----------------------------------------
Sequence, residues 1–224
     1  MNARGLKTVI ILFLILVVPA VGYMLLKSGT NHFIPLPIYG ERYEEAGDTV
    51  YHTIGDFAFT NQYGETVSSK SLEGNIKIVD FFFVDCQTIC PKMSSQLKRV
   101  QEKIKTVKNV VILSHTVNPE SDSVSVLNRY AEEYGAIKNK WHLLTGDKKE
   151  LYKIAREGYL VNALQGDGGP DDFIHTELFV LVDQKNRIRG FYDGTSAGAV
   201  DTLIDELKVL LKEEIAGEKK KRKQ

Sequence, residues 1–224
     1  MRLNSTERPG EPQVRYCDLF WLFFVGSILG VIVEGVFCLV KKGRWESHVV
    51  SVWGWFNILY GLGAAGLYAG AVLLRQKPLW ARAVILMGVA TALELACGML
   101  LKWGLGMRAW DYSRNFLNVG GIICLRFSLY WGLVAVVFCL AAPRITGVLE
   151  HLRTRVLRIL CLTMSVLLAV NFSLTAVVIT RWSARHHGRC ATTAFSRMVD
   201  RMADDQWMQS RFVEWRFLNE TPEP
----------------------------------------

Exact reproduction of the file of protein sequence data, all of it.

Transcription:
Sequence, residues 1–224
     1  MNARGLKTVI ILFLILVVPA VGYMLLKSGT NHFIPLPIYG ERYEEAGDTV
    51  YHTIGDFAFT NQYGETVSSK SLEGNIKIVD FFFVDCQTIC PKMSSQLKRV
   101  QEKIKTVKNV VILSHTVNPE SDSVSVLNRY AEEYGAIKNK WHLLTGDKKE
   151  LYKIAREGYL VNALQGDGGP DDFIHTELFV LVDQKNRIRG FYDGTSAGAV
   201  DTLIDELKVL LKEEIAGEKK KRKQ

Sequence, residues 1–224
     1  MRLNSTERPG EPQVRYCDLF WLFFVGSILG VIVEGVFCLV KKGRWESHVV
    51  SVWGWFNILY GLGAAGLYAG AVLLRQKPLW ARAVILMGVA TALELACGML
   101  LKWGLGMRAW DYSRNFLNVG GIICLRFSLY WGLVAVVFCL AAPRITGVLE
   151  HLRTRVLRIL CLTMSVLLAV NFSLTAVVIT RWSARHHGRC ATTAFSRMVD
   201  RMADDQWMQS RFVEWRFLNE TPEP